Unusual and unique: SweetFrog is the dominant frozen yogurt chain in Greenville, outlasting Brrrberry and others after frozen yogurt’s initial surge of popularity, and the company offers over 80 potential frozen yogurt flavors that a store can serve (though each location only serves a few at a time). Many of these flavors have no sugar added, and they also offer dairy-free sorbet.

How to find them: They're at 740 S.E. Greenville Blvd., between McAlistair’s and Your Perfect Cake.


Who they are: A national chain with dozens of locations across North Carolina. Their name comes from the granite slab on which they mix ice cream.

What they serve: Ice cream, cakes, cupcakes, milkshakes, and pies

Why it's good: Coldstone’s ice cream is very smooth, and they hand-mix it well with other ice cream and candy to create entirely new flavors.

Unusual and unique: In addition to ice cream, Coldstone sells over 15 different ice cream cakes from a freezer in-store and many others, like birthday cakes or custom designed cakes, can be ordered for later pickup. They also sell ice cream cupcakes (served in chocolate ‘wrappers’) and ice cream cookie sandwiches.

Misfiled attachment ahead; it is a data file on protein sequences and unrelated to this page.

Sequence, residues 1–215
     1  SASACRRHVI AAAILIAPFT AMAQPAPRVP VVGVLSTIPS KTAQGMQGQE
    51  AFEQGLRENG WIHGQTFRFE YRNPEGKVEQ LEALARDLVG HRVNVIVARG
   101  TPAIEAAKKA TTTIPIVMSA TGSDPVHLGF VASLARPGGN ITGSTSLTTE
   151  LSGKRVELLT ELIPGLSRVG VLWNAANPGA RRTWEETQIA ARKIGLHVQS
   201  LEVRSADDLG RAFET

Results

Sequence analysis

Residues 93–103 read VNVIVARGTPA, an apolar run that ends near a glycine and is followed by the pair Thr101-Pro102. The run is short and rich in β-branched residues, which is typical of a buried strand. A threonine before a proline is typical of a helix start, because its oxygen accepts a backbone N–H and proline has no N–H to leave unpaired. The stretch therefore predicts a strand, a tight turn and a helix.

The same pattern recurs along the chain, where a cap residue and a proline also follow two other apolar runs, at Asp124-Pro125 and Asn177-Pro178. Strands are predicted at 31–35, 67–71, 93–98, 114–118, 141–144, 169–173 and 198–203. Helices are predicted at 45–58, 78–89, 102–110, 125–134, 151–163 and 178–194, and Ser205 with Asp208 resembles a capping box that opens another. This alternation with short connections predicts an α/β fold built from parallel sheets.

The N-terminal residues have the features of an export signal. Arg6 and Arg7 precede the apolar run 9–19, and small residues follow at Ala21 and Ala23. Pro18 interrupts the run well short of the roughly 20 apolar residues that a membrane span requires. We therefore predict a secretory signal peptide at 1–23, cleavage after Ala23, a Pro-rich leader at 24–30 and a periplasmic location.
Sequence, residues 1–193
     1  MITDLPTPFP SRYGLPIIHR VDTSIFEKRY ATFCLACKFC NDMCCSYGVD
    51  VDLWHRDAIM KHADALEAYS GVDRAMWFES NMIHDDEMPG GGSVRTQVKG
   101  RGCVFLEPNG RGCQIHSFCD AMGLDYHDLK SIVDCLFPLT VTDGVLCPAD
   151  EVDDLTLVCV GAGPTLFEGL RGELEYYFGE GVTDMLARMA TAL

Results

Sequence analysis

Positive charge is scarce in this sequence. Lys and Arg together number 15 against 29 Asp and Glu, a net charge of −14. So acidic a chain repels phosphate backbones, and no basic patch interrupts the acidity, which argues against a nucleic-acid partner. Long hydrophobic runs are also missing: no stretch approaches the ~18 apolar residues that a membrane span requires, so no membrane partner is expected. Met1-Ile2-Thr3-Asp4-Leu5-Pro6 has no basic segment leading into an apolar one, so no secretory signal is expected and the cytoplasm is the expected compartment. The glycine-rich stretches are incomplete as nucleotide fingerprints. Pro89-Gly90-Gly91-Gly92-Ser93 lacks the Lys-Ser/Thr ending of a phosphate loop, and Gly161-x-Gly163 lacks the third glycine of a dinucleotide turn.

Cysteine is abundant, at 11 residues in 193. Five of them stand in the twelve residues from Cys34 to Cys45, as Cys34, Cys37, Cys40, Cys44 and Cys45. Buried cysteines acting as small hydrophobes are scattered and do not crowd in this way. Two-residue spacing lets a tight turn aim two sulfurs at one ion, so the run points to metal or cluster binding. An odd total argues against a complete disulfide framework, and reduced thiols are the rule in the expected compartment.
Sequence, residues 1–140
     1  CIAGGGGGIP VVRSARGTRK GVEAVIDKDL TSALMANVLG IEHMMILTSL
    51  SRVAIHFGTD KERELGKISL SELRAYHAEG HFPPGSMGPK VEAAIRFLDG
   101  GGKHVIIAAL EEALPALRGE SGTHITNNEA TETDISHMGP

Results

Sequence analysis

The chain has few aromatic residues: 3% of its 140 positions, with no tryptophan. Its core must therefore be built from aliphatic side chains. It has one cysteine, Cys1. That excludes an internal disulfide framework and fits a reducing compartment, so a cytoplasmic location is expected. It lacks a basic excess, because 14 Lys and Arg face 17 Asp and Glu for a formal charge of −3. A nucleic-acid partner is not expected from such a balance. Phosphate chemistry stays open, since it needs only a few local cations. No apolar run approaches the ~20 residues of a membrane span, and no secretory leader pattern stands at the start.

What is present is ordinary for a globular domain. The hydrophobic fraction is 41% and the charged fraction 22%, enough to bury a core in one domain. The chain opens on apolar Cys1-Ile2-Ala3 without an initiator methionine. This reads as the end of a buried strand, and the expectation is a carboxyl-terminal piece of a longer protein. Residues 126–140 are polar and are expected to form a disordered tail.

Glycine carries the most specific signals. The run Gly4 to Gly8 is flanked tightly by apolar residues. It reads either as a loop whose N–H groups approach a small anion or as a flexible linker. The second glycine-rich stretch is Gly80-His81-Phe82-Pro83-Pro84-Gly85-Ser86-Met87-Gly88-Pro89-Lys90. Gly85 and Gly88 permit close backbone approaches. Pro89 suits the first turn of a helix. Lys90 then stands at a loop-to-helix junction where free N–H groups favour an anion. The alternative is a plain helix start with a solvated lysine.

How to find them: Greenville’s only Coldstone is at 518 S.E. Greenville Blvd., next to Jos. A Bank and Newt’s.

Pelican Snoballs

Who they are: A New Orlean’s inspired chain with 160 and counting locations, mostly along the East Coast.

What they serve: Snowballs, New Orleans Style

Why it's good: New Orleans style snowballs are fluffier and lighter than snow cones, with the ice ground much more finely.

Unusual and unique: They offer over 100 different flavors for their shaved ice, including caramel, dill pickle, and toothpaste, and each store has its own additional flavors served alongside the standard. They also have gluten-free and sugar-free flavors, and cream can be added to any flavor to make a new combination. The unusual flavors and sheer number of them create a unique experience every time!

How to find them: Pelican has two Greenville locations, one at 4601 East 10th St. and the other at 1122 S.E. Greenville Blvd.

Kona Ice

Who they are: A national company, with snow cone trucks that can be rented for specific events to help fundraise or just serve a frozen treat on a hot day.

What they serve: Snow cones